Schmitt, a member of the 14th Cohort, graduated from Fisher with a degree in accounting and spent three years at Accenture in Columbus. At Accenture, he worked in branch technology and application delivery for Chase Bank.
Chase asked him to join their team full-time. Considering he admired the manager he would be working for at Chase, he did not have trouble making that decision.
Chase allowed Schmitt to find a healthy work-life balance, and his free time provided more opportunity to explore his passions and examine his job from a new angle.
“The role was niche,” Schmitt said. “As Chase’s priorities changed, I needed to move on to remain challenged. I wanted to see what I could do in a different environment, but I knew what I was doing at Chase, and I had such a great relationship with my manager.”
Schmitt had yet to look around when he was introduced to someone at Klarna, a Swedish-based payments company. It had an office in Columbus and was expanding into the United States.
“I felt confident in my relationships at Chase, but knew that if I did not take the leap then, I might never have,” he said.
Only five months into working for Klarna, Schmitt learned the company had hired someone else to do his work in its Stockholm office. His determination to find the right startup did not waver.
“I was encouraged knowing that I now had startup experience,” he said. “With my chips remaining, I decided to bet on myself again.”
This time he drove the search. Although evaluating a startup’s financials can help eliminate some of the risk, Schmitt knew that he had to prioritize culture — he had never had coworkers his age, going through similar career challenges.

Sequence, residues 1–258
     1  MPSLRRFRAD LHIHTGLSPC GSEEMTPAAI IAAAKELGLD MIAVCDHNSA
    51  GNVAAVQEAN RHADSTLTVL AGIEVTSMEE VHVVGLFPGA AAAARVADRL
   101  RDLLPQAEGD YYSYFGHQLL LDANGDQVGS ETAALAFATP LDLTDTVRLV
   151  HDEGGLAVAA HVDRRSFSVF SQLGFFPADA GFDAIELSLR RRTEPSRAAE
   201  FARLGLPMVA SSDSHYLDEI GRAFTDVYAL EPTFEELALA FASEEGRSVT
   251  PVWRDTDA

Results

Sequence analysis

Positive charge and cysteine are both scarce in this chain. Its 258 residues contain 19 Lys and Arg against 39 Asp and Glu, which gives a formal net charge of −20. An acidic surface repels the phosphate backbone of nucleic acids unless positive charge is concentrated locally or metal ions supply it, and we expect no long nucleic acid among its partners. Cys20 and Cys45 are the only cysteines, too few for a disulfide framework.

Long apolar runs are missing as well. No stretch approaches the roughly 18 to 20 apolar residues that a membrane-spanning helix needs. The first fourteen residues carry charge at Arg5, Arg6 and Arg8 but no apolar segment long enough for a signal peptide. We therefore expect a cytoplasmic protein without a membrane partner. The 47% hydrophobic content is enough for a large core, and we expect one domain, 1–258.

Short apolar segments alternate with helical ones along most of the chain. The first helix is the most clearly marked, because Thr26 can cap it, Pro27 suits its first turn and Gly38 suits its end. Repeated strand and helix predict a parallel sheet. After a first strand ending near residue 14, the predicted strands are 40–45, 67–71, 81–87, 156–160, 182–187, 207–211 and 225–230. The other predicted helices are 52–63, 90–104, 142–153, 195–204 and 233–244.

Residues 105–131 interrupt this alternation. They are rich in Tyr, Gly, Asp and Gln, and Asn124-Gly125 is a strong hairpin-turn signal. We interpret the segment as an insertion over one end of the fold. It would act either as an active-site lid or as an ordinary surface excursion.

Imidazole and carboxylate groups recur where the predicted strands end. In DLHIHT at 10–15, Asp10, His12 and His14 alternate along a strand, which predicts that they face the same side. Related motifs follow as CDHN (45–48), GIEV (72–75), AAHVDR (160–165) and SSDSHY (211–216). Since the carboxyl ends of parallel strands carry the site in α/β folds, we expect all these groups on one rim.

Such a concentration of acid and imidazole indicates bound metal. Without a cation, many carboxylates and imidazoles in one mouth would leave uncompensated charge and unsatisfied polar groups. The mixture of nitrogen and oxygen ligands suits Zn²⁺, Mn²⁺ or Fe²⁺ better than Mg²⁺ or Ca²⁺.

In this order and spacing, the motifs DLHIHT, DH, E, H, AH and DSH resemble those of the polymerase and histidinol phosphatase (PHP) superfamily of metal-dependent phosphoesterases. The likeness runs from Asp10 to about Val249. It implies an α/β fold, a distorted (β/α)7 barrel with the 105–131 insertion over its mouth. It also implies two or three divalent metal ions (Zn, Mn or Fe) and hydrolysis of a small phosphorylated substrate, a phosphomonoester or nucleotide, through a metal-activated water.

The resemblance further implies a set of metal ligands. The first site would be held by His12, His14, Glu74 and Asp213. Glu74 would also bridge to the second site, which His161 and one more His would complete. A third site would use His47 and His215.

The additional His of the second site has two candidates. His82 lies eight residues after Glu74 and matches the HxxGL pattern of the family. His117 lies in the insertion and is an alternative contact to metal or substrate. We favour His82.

At Olive, a Columbus-based healthcare software startup, he found a role similar to his at Accenture. He was motivated by the company’s service and felt comfortable with those he interviewed with. Today, Schmitt is a program executive at Olive. In two-and-a-half years, he has taken on four roles at the startup.
Both Beebe and Schmitt took several chances before finding the companies, roles and peers they felt a strong connection with.
“Business schools prioritize good jobs at good companies,” Schmitt said. “I would not be in the place I am today if I had tried to go to a startup right out of college. But, when your love for learning is not being satisfied anymore, that is the sign that taking a risk might be worth it.”
Honors Cohort gave Beebe and Schmitt key tools needed to navigate the unpredictability of winding career paths: the ability to connect with others and communicate effectively.
“Things are complex. In Cohort, we always had great classmates and professors that helped promote thought,” Beebe said.
Early exposure to business and case studies translated into an ability to diagnose financial statements and their own career trajectories.
“As the CFO of a small company, I have reached out to Cohort peers who are experiencing the same new challenges,” Beebe said. “We debate each other’s approaches.”
Added Schmitt: “We learned how to lean on others in Cohort. The program provided me with the professional sophistication I needed to get where I wanted to go.”